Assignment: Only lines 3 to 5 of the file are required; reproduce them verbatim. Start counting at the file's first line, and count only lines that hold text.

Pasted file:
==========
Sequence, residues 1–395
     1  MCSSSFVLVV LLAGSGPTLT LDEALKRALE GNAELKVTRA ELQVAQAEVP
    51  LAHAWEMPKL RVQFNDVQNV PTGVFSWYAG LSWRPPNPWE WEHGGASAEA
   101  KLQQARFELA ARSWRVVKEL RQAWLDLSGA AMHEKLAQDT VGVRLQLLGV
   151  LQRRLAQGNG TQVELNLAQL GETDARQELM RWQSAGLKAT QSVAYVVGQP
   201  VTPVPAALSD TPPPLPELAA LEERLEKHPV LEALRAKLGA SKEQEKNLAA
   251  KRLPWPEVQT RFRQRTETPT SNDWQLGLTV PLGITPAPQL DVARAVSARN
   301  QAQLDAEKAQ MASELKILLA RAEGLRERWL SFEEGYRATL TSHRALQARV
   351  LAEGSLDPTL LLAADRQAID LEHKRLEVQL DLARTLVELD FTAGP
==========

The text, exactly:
    51  LAHAWEMPKL RVQFNDVQNV PTGVFSWYAG LSWRPPNPWE WEHGGASAEA
   101  KLQQARFELA ARSWRVVKEL RQAWLDLSGA AMHEKLAQDT VGVRLQLLGV
   151  LQRRLAQGNG TQVELNLAQL GETDARQELM RWQSAGLKAT QSVAYVVGQP